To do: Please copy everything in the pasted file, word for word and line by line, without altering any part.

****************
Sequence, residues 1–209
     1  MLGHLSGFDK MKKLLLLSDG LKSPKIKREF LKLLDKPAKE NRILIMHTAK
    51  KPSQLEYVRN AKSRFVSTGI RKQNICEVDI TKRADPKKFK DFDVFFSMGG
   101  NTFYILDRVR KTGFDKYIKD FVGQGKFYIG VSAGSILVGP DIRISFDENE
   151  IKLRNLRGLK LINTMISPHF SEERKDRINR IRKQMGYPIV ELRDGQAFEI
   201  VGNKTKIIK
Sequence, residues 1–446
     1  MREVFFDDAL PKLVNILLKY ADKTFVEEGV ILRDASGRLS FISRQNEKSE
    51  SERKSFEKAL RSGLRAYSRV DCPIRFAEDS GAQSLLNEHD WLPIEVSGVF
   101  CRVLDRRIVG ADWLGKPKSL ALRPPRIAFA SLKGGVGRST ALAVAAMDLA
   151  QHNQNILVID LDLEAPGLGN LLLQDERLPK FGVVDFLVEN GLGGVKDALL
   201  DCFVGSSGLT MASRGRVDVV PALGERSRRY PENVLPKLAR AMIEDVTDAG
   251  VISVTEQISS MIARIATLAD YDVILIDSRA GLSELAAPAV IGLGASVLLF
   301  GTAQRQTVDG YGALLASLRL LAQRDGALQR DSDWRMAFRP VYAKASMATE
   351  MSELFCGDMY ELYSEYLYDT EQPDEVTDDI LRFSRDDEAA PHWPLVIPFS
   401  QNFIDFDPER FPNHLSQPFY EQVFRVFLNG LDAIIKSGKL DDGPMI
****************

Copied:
Sequence, residues 1–209
     1  MLGHLSGFDK MKKLLLLSDG LKSPKIKREF LKLLDKPAKE NRILIMHTAK
    51  KPSQLEYVRN AKSRFVSTGI RKQNICEVDI TKRADPKKFK DFDVFFSMGG
   101  NTFYILDRVR KTGFDKYIKD FVGQGKFYIG VSAGSILVGP DIRISFDENE
   151  IKLRNLRGLK LINTMISPHF SEERKDRINR IRKQMGYPIV ELRDGQAFEI
   201  VGNKTKIIK
Sequence, residues 1–446
     1  MREVFFDDAL PKLVNILLKY ADKTFVEEGV ILRDASGRLS FISRQNEKSE
    51  SERKSFEKAL RSGLRAYSRV DCPIRFAEDS GAQSLLNEHD WLPIEVSGVF
   101  CRVLDRRIVG ADWLGKPKSL ALRPPRIAFA SLKGGVGRST ALAVAAMDLA
   151  QHNQNILVID LDLEAPGLGN LLLQDERLPK FGVVDFLVEN GLGGVKDALL
   201  DCFVGSSGLT MASRGRVDVV PALGERSRRY PENVLPKLAR AMIEDVTDAG
   251  VISVTEQISS MIARIATLAD YDVILIDSRA GLSELAAPAV IGLGASVLLF
   301  GTAQRQTVDG YGALLASLRL LAQRDGALQR DSDWRMAFRP VYAKASMATE
   351  MSELFCGDMY ELYSEYLYDT EQPDEVTDDI LRFSRDDEAA PHWPLVIPFS
   401  QNFIDFDPER FPNHLSQPFY EQVFRVFLNG LDAIIKSGKL DDGPMI